The soft path takes into account both social and environmental concerns. (Gleick). While the hard path focuses largely on increasing water supply, the soft path heeds the importance of reducing the demand for water as well (Brooks). Furthermore, the hard path encourages the exploitation of natural resources through its narrow focus on extracting as much water as possible. In contrast, the soft path is a more holistic approach because it takes into account the effects of natural resource extraction, use and disposal on ecosystem health. The soft path allows for human water consumption to go hand in hand with environmentally sustainable and economic development through the utilization of “human ingenuity rather than resource-intensive inputs to improve natural resource use patterns” (Brooks).
Artificially low water prices have led to minimal integration of demand management as a component of water management solutions. However when looking at the opportunity costs, one can easily see that a reduction in water demand is a source of water in itself. In other words, more efficient freshwater use means more available freshwater. Furthermore, reducing water demand is much more time effective than any hard path solution (Brooks). Overall, the soft path complements centralized physical infrastructure with lower cost community-scale systems, decentralized and open decision-making, water markets and equitable pricing, application of efficient technology, and environmental protection (Gleick). Below, we discuss a few examples of the aforementioned components of soft path freshwater solutions.
Not only are surface sources and aquifers currently utilized above replenishment rates, but the problem persists that a billion people are living off of untreated water outside of cities and infrastructure. Fortunately, a variety of social forces are taking heed of claims that the Earth is entering an era of heightened water scarcity. The business model of social entrepreneurship is currently catching up with developing countries’ water crises. What began with a brand of ‘high-status’ Ethos water bottles in American coffee shops has helped create mentalities to inspire creativity where finance development costs were thought insurmountable. Starbucks revenues from Ethos are dramatically insufficient to address the world’s water problems (only $10 million), but thanks to its motivations, and those from entrepreneurs in areas like energy and agricultures, those historic impossibilities are being used as justification to renovate the entire water distribution paradigm.
In their 2012 book, Abundance, X Prize and Singularity University founder Peter Diamandis, along with entrepreneur Steven Kotler, described a role for four key forces to produce orders of magnitude improvements in basic service industries like water. These are Moore’s Law, Do-it-Yourself Inventors, Technophilanthropists, and the “rising billion.” Economically, these forces translate into fantastic technical capabilities, a newly tapped pool of high-skilled workers, vast pools of tech-savy financing, and markets that have remained unsaturated for decades. It is a perfect storm for soft path water development. Moreover, Diamandis and Kotler are not alone in their forecasts. They are joined by economists like Jeremy Rifkin, author of The Third Industrial Revolution, and technologists like Ray Kurzweil, inventor of text-to-speech technology for the deaf.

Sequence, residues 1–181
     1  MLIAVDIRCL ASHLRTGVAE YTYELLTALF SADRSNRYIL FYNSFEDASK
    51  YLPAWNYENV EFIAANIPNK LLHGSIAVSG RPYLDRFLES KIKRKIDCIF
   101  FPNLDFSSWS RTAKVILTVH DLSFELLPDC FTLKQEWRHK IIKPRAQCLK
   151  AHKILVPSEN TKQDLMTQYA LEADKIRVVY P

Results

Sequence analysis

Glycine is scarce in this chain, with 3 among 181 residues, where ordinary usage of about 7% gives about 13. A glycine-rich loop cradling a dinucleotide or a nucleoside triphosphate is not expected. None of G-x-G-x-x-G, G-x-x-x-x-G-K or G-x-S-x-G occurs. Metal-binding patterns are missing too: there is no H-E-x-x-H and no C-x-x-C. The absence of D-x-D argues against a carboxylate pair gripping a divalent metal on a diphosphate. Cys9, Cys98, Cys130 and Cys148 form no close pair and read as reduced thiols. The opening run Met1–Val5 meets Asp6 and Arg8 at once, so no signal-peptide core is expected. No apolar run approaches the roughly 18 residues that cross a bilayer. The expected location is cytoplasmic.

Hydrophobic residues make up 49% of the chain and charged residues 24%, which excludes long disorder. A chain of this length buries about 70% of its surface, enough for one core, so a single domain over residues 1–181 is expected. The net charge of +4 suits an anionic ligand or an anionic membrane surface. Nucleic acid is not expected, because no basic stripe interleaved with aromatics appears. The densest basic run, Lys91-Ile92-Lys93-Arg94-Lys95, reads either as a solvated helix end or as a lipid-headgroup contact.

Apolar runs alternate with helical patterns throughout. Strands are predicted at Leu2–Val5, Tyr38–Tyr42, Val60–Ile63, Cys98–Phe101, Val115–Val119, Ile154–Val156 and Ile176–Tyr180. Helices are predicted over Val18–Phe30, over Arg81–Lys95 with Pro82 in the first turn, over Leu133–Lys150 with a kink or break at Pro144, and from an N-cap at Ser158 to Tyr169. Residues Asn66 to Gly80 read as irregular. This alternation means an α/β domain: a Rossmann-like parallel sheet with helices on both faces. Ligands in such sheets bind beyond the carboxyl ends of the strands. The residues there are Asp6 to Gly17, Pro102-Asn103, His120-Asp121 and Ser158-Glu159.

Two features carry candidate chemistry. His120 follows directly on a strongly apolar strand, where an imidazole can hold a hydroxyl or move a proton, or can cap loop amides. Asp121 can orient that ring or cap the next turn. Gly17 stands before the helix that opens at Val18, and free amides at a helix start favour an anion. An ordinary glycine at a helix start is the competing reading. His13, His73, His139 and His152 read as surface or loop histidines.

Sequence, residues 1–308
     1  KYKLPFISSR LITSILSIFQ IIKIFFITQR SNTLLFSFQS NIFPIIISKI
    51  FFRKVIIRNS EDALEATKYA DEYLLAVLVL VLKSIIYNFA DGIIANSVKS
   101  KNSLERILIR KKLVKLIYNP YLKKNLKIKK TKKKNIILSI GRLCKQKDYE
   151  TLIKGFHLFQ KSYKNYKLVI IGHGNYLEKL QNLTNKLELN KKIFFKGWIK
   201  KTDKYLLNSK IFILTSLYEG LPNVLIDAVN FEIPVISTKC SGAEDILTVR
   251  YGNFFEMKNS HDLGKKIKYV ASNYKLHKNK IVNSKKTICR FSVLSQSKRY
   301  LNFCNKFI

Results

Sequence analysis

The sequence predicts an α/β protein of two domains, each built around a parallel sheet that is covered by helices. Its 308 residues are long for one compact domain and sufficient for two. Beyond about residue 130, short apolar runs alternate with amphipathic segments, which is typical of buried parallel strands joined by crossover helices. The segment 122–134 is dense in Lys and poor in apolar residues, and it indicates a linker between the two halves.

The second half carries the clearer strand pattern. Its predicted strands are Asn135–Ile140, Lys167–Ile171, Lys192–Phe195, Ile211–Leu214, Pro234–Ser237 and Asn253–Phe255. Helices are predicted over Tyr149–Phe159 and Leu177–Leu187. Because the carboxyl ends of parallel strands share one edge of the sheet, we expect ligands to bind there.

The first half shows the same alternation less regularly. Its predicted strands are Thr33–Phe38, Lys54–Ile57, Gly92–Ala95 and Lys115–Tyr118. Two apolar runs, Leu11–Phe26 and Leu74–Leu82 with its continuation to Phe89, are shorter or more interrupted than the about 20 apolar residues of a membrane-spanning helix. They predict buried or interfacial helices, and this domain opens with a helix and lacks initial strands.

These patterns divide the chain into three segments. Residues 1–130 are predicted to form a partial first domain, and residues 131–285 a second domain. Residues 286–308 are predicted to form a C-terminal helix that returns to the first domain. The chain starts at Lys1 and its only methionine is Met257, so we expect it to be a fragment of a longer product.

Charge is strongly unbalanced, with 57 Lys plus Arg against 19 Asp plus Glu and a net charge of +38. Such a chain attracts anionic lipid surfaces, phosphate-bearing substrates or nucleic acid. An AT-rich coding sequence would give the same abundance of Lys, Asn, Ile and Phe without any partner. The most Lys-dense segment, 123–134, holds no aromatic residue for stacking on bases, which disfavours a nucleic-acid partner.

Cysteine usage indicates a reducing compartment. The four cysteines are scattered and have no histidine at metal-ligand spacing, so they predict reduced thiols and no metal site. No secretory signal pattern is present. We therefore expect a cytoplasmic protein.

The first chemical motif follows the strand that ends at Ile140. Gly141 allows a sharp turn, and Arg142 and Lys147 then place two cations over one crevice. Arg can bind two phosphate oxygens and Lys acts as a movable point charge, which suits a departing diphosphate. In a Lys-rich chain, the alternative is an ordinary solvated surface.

A quintessential example is the Lifesaver bottle invented by Michael Pritchard. It employs a filtration membrane with pore only 15 nanometers thick and lasts for six thousand liters. At a cost of $0.05 per day, Pritchard has become famous for alleging that Millenium Development Goals for water might be met for only $8 billion. Buttressing his claims are a thriving global nanotechnology industry, which is estimating to encompass $1 trillion in investments by 2015 (Abundance, p. 93). Future iteration of Pritchard’s device could feature additional nanotech devices such as particles with affinity for heavy metals and arsenic. And, scaled-up versions of these nanotechnologies can become even more widely commercialized as desalination processes. NanoH2O is a Los Angeles company that is revamping the reverse osmosis with a stated goal of created 70% more water using 20% as much energy. With these deployed, the world would be unlikely to see desalination technology confined to energy-abundant regions like the Middle East.
It is easy to reframe the techno-optimistic paradigm as a mere few anecdotes, however Diamandis, Kotler, Rifkin, and Kurzweil envision a radical transformation of both technology and society as it grows to be more decentralized and more interconnected as the same time. “Smart grips” for water distribution to farmers have been implemented in Spain, while at the same time, they are being researched by giant technology corporations like Hewlett Packard (Abundance, p. 95). These stand in sharp contrast to the construct-at-all-costs mentality epitomized by Pat Brown’s campaign for the California Aqueduct. Social entrepreneurship, Moore’s Law, Do-It-Yourself invention, technophilanthropy, and demand from a rising billion people are not confined to working in a single industry or country. While ecologically-minded activist express concern for the standards of living of “future generations”, the world is well on its way to realizing massive efficiency and production gains within the lifespans of the current generation (Rifkin).
This post was authored by Sean Hernandez ’13 BA Economics and BA Environmental Studies, and Nazia Gangani ’13 BS Environmental Studies with a Minor in Business.
Brooks, David, and Susan Holtz. “Water Soft Path Analysis: From Principles to Practice.”Water International 34.2 (2009): 158-69. Web.
Diamandis, Peter, and Kotler, Steven, 12’ Abundance: The Future Is Better Than You Think (2012): 90-98. Print.
Gleick, P. H. “Global Freshwater Resources: Soft-Path Solutions for the 21st Century.”Science 302.5650 (2003): 1524-528. Print.
Rifkin, Jeremy, et al. “The World in 2025: Ways to the Future.” European Business Forum 29 (Summer 2007): 15-27. Web.